A D.C. resident filed suit against the city's main water utility this week, a month after a new study of lead levels in tap water challenged previous assertions made by a GW professor in a scientific journal.
John Parkhurst filed a class-action lawsuit Tuesday morning in D.C. Superior Court, alleging that the Water and Sewage Authority learned in 2001 that "dangerous levels of lead" had leaked into the city's drinking water, but did not alert D.C. residents of the hazard.
The water utility instead took steps to hide the problem from the public, Parkhurst alleges in his complaint.
After the high water lead levels were exposed, WASA funded a study conducted by recently retired GW professor Tee Guidotti that concluded no harm had come from the contaminated water supply. But editors of the National Institutes of Health journal, which published the study, said last week that Guidotti's conclusions were dubious and that the University's contractual agreement with WASA may have inappropriately influenced his findings.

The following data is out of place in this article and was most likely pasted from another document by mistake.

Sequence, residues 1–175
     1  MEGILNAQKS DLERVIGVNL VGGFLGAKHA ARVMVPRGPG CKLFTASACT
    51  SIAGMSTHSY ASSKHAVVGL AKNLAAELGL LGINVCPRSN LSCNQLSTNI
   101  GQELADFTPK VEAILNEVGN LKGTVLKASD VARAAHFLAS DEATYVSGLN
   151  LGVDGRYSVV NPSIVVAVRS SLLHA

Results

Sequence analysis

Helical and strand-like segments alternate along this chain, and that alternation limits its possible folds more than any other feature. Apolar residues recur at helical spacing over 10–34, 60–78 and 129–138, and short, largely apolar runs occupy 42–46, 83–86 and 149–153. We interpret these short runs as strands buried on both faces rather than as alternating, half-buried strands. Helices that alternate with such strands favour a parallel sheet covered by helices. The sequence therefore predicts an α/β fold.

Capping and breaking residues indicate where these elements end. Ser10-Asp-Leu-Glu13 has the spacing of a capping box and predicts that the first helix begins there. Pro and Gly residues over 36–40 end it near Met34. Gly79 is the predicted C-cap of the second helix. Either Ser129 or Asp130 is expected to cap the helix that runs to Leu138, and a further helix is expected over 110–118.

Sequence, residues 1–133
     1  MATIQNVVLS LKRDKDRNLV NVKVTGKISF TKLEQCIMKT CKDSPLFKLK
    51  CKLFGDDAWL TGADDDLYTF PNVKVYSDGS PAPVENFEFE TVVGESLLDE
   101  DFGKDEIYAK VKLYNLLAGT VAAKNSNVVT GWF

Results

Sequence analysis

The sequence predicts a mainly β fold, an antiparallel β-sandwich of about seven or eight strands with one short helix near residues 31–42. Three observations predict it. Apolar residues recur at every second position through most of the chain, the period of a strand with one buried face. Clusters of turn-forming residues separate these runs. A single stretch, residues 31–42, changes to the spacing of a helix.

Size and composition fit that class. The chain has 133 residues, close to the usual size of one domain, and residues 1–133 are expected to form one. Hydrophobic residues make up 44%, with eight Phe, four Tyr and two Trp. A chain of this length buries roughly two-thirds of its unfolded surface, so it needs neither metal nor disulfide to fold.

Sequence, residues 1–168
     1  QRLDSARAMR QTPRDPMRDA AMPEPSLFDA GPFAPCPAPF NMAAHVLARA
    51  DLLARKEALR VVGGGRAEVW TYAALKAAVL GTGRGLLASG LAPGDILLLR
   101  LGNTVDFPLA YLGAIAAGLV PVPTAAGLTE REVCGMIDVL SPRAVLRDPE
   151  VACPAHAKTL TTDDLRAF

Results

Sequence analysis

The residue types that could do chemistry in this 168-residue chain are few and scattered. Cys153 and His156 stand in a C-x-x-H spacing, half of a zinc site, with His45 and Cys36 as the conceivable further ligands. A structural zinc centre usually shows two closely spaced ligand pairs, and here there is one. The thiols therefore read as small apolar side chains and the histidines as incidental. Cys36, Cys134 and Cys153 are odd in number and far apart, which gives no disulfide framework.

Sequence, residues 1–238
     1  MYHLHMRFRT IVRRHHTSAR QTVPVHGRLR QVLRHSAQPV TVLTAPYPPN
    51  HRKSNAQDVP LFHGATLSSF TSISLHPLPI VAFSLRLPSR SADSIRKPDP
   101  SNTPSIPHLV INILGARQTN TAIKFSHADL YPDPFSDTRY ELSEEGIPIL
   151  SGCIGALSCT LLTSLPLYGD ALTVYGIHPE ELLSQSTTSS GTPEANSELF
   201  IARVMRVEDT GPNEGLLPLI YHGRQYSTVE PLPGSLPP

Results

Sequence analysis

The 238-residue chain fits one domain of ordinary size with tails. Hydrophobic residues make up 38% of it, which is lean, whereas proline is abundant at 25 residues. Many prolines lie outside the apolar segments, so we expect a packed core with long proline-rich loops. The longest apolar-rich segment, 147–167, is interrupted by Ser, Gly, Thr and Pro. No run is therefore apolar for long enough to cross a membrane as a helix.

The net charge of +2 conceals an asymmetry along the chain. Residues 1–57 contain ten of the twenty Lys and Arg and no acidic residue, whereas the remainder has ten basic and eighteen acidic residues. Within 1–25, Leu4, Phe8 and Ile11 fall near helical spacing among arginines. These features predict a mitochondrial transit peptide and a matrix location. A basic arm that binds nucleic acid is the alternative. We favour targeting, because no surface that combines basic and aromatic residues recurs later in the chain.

Parkhurst's suit cites Guidotti's study as evidence that WASA deliberately misled the public about the contamination, saying that "in violation of scientific standards, the author ignored direction from his peer reviewers to remove the 'scientifically dubious' conclusion that there was no health impact attributable to the elevated levels of lead in WASA's water."
As part of his contract with WASA, Guidotti had to obtain approval from the organization before he submitted his findings to the NIH journal, The Washington Post reported.
Guidotti told The Hatchet last week that his study was "perfectly valid."
Parkhurst's two 8-year-old sons have learning and behavior problems, which he attributes to exposure to the water contamination.
The class action suit is seeking $200 million for his children and any other children 6 or younger that drank the contaminated water between 2001 and 2004, according to the complaint.